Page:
The voluntary winding up of a co-operative requires the appointment of a liquidator to manage the winding up process and finalise the co-operative’s affairs.
The co-operative remains in existence as a legal entity until the process is completed.
A voluntary winding up by members must be approved by members in a special postal ballot. The liquidator can be appointed by a simple majority in the same postal ballot.
On the appointment of a liquidator, the co-operative ceases to carry on business and all the powers of the directors cease, except as approved by the liquidator.
Steps for a voluntary winding up
1. Disclosure statement
A draft disclosure statement together with the applicable fee must be submitted to the Registrar for approval at least 28 days before the date you intend to give members notice of the special postal ballot.
An example of a disclosure statement for voluntary winding up (PDF, 546.48 KB) is available.
Alternatively, you can obtain legal advice on drafting your own disclosure statement.
2. Declaration of solvency
The majority of the directors must declare in writing they have formed the opinion that the co-operative will be able to pay its debts in full within 12 months of the commencement of the voluntary winding up.
The Declaration of Solvency is made on ASIC Form 520 (with appropriate changes). The Declaration of Solvency must be lodged with Fair Trading before the date on which the disclosure statement and ballot papers are sent to the members. The special resolution must be passed within 5 weeks of the date the Declaration of Solvency is made.
Important: It is an offence for a director to make a false Declaration of Solvency. If a declaration of solvency cannot be made, the co-operative should seek professional advice as soon as possible.
3. Special postal ballot
After the Disclosure statement is approved by the Registrar, the winding up proposal is put to members in a special postal ballot. The special postal ballot must be held in accordance with:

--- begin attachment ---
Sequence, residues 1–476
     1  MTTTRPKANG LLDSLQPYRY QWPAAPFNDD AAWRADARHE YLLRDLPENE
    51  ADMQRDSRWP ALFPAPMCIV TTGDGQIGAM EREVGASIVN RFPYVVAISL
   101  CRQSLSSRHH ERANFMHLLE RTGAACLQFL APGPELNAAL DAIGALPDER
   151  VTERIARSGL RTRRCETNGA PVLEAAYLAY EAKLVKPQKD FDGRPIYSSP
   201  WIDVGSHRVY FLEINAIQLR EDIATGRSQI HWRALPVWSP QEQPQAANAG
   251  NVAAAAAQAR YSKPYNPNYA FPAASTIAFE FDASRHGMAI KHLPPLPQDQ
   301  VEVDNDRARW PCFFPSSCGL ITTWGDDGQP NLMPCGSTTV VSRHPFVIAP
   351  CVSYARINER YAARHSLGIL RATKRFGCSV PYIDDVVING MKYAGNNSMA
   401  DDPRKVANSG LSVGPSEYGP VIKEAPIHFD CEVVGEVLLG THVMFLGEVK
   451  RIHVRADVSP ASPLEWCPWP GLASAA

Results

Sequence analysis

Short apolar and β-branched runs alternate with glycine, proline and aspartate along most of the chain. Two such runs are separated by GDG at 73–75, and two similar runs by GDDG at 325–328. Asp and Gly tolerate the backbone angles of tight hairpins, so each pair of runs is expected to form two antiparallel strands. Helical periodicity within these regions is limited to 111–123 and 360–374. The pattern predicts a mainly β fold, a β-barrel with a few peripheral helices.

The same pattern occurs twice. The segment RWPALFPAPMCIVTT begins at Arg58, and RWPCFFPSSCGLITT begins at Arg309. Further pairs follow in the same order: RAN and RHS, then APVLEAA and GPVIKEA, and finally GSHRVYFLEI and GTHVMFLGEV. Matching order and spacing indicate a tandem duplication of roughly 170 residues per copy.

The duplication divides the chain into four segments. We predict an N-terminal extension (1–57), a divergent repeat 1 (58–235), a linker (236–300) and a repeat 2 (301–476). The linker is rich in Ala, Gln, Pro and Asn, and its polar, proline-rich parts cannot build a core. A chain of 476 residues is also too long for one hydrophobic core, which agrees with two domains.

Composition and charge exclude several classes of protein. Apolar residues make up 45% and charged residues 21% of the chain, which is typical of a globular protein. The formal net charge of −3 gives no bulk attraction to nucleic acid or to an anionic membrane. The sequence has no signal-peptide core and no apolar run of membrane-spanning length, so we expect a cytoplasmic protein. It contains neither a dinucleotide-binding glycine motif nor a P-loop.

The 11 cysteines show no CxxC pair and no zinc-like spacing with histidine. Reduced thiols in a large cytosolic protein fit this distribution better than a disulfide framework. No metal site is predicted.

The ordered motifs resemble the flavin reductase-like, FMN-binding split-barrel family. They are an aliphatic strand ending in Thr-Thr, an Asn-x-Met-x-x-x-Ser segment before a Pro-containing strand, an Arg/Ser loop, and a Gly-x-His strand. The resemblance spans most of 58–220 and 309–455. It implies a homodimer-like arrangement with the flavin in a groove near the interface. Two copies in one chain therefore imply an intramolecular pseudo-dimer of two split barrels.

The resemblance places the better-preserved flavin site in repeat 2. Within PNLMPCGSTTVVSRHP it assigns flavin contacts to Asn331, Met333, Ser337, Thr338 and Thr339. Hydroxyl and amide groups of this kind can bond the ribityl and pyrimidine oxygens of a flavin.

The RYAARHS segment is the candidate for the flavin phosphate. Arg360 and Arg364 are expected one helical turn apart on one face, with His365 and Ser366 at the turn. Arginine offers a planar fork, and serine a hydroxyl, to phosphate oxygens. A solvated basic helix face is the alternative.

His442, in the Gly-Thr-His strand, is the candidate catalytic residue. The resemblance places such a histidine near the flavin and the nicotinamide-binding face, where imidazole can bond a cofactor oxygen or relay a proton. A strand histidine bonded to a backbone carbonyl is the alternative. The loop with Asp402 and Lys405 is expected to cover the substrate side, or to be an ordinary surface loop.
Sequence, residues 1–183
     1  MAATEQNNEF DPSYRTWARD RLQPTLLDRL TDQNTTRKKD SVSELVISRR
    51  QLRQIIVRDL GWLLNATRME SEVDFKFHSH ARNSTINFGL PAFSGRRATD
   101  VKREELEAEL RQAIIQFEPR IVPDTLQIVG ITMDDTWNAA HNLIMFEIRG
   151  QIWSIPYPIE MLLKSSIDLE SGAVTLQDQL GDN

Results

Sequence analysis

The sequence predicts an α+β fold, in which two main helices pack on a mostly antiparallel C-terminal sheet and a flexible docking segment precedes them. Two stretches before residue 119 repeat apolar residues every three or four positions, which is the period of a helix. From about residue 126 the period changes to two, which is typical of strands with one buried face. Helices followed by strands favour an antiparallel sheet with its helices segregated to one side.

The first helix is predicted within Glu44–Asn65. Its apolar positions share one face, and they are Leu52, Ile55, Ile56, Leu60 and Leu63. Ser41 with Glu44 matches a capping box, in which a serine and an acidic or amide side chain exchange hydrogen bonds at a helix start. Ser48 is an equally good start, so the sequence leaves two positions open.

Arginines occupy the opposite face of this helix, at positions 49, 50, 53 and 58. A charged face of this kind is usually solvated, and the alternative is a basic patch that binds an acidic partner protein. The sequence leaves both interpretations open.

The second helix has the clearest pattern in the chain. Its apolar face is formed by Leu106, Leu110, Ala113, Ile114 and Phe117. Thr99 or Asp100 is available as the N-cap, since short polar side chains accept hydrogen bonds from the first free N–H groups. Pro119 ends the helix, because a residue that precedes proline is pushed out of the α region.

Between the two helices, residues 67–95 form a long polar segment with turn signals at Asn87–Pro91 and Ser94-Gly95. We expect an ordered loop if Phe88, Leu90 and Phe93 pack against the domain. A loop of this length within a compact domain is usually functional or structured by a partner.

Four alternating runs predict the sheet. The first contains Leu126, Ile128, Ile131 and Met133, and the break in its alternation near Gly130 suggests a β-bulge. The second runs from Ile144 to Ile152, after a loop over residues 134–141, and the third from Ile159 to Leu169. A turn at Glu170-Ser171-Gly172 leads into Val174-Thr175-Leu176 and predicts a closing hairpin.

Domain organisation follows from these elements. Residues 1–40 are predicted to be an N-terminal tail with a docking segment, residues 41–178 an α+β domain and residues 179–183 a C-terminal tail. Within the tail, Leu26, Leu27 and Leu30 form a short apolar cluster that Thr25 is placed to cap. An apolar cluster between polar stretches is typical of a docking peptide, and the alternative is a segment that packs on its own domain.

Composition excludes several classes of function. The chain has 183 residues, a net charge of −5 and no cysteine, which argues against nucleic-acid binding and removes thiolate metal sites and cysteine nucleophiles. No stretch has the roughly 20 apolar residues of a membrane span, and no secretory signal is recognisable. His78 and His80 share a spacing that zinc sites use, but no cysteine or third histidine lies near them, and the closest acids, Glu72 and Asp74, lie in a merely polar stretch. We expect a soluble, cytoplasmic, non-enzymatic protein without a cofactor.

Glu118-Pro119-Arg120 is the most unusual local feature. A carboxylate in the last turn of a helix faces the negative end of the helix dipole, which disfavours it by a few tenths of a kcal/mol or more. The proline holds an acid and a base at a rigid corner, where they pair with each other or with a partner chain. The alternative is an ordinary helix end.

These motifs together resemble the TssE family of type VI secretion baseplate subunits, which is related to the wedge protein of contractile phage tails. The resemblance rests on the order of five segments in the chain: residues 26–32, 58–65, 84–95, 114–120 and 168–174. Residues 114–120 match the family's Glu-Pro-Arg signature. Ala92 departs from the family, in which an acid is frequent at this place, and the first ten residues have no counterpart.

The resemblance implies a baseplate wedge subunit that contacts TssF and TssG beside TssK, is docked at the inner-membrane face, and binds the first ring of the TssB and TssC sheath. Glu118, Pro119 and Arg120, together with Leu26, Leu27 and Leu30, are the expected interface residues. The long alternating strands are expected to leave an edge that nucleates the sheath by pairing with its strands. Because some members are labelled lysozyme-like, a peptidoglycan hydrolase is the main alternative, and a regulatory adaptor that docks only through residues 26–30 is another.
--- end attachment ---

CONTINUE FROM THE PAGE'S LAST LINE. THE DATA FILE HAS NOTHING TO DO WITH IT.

- regulation 3.9 of the Co-operatives National Regulations; and
- the co-operative’s rules
The special resolution to approve the winding up will be passed if, three-quarters of the formal votes cast in the special postal ballot, are in favour of the proposal. A higher percentage may be required by the rules of the co-operative (s.239 of the CNL).
As soon as the result is declared, the secretary of the co-operative must make an entry in the co-operative’s minutes showing the number of:
- formal votes in favour of the winding up
- formal votes against the winding up
- informal votes cast.
The winding up commences when the result of the special postal ballot is noted in the minutes.
The Registrar can, in appropriate circumstances, exempt a co-operative from the requirement to hold a special postal ballot. An application for exemption must be made in writing at the time the disclosure statement is submitted to Fair Trading and must be accompanied by the applicable fee.
4. Registration of the special resolution
If the special resolution is passed, it must be registered with Fair Trading:
- within 7 days of it being passed;
- by lodging a C10 Application to Register Rule Amendment form, and
- be accompanied by the applicable fee
5. The liquidator winds up the co-operative’s affairs
A simple majority vote is required to appoint a liquidator. The liquidator’s appointment and activities are governed by the Corporations Act 2001. On the appointment of a liquidator, all the powers of the directors cease except where the liquidator approves the continuance of any of those powers.
The liquidator must lodge a notice of appointment with the Registrar. All reports and forms (with appropriate modifications) required to be provided by the applied provisions of the Corporations Act 2001 must be lodged with NSW Fair Trading.
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